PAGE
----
“The ultimate, hidden truth of the world is that it is something that we make, and could just as easily make differently.” – David Graeber
What is the new economy?
We’re headed for ecological collapse, and the current economy is driving us towards it, by:
- stimulating overconsumption, via ubiquitious advertising and a drive to maximise returns for shareholders and lenders;
- depleting communities by sucking money out of them via the corporate branches that are embedded in them;
- concentrating that money in the tax haven accounts of very few people, and using that concentrated wealth (which includes ownership of the media) to influence the political process and public opinion, to ensure that system change (and democracy) is prevented.
However, a new economy is being built that reverses these processes. It can help push back the crash, mitigate its effects and catch people when it happens. This new economy is decentralised, community-based and not controlled by the state or corporations, but by ordinary people in communities.
See here for the component parts of the new economy, including:
- co-operatives of all kinds, including platform co-ops, housing co-ops, credit unions and the Phone Co-op
- community land trusts
- community-embedded schemes such as community-supported agriculture, community energy and cohousing projects
- ‘commons’ elements such as free/open source software and wikis
- sole traders
- mutuals such as building societies
- mutual credit
Community-based: the new economy is embedded in community and is based on timeless principles – providing goods and services for an exchange medium that is used to buy goods and services provided by other people, rather than on the parasitic principles of just trying to make more and more money from investments, speculation and lending money at interest.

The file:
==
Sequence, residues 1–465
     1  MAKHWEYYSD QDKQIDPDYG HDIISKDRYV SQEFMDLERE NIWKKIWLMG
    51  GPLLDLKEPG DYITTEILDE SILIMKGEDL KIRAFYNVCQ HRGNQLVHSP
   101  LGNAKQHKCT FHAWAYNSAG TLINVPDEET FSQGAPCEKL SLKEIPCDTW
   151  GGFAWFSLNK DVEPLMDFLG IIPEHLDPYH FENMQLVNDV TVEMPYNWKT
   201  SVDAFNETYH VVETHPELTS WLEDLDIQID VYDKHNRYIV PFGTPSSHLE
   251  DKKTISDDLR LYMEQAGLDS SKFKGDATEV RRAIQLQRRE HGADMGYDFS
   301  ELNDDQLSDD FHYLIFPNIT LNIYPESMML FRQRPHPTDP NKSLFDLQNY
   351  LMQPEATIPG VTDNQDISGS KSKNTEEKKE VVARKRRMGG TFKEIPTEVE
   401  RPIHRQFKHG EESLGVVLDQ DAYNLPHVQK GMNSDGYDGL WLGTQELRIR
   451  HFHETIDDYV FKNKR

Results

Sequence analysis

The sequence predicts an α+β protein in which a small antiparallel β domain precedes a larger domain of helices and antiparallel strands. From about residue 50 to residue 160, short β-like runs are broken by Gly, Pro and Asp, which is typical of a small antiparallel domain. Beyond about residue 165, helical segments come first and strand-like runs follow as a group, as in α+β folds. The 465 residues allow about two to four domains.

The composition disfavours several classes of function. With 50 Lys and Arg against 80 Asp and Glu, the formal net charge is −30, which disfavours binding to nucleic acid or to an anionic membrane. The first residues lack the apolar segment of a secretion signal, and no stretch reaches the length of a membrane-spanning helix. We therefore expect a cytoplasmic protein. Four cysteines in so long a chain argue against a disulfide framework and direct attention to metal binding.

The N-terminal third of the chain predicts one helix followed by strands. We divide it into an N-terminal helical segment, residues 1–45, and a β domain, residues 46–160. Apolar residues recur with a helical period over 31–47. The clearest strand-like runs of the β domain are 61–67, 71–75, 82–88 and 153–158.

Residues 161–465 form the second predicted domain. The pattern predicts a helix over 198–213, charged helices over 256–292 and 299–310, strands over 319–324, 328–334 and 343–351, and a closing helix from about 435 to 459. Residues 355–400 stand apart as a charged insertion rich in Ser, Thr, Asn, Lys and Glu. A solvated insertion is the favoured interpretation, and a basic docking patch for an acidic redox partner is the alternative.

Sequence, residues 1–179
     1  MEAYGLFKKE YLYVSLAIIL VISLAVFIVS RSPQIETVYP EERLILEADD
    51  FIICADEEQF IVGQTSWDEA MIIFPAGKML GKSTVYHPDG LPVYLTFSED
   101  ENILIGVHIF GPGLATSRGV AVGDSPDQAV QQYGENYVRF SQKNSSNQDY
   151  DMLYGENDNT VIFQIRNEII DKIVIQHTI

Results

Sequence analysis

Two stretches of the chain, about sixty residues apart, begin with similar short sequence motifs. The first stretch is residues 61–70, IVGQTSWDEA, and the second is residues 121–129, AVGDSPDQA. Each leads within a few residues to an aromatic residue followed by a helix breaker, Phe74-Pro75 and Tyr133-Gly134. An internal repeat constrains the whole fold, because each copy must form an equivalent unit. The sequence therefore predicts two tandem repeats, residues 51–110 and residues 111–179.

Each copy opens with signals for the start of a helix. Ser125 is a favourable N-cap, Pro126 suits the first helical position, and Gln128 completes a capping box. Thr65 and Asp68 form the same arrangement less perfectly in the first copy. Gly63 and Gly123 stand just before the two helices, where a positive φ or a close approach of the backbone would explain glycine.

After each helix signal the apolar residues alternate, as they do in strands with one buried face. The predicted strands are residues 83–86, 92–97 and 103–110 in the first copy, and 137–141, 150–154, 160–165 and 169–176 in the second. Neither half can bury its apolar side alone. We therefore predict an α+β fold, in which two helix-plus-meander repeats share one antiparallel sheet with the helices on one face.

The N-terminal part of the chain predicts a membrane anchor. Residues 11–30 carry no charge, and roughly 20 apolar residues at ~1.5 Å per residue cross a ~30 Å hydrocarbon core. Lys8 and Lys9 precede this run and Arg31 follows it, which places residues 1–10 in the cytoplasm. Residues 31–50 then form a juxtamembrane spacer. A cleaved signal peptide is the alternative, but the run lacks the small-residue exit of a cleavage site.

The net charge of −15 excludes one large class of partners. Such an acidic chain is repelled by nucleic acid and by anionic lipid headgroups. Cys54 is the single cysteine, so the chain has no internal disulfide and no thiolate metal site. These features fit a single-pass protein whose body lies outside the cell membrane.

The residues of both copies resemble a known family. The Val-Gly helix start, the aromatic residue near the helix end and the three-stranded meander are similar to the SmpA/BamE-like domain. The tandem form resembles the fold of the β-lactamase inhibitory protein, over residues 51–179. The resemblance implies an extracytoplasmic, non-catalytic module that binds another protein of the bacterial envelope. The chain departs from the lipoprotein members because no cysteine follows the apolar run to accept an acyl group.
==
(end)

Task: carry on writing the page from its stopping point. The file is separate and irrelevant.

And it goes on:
Small-scale: large co-operative organisations are at risk of being bought out by ‘old economy’ institutions – for example the Co-op Bank and Co-op Energy, which stumbled and were swallowed by the corporate sector, leaving gaping holes in the co-operative movement that wouldn’t have happened with a network of community-embedded institutions.
Decentralised: networking local institutions rather than consolidation into giant ones. Mondragon is a network of small- and medium-sized co-ops in Spain, encompassing manufacturing, education, software and distribution. It produces high-tech electrical goods, amongst other things, and employs over 75,000 people in small, co-operative businesses. It’s not perfect by any means, but it’s an example that shows that the co-operative sector can scale up by federating rather than centralising.
Implementable: there are many ideas about how society might be organised, but with no corresponding implementation plan. We’re wasting time if we’re discussing ideas that have no implementation plan. The new economy is being built already. It doesn’t require anything to be ‘overthrown’, and it doesn’t require politicians to to the right thing. It just requires enough people, including you, to switch to new economy institutions in the ways outlined below, so that the new economy can grow to transcend the current economy in the same way that the current economy grew to transcend feudalism.
What are the benefits of the new economy?
- Production and consumption aren’t constantly stimulated to expand to satisfy shareholders.
- Food (and everything else) miles are reduced.
- Wealth doesn’t concentrate and overflow into the political system (via political donations, jobs for politicians, the lobby industry etc.). So we could have an uncorrupted, democratic political system that doesn’t protect the status quo.
- We could have a money system that doesn’t involve interest or require banks.
The Preston Model. The local authority in Preston employed CLES to help build a network of local ‘anchor institutions’, such as hospitals, university and the police, to redirect their spending to local businesses, including the council food budget, which prioritised food provided by Lancashire farmers. There’s a new Preston Co-operative Network, and new co-ops and food hubs are developing. The local authority is now looking at setting up a local bank to fund local businesses, and becoming a municipal energy supplier to provide an alternative to the giant energy corporations. Preston was voted the best town to live in in the North-west, and other local authorities around the country are taking an interest in the model.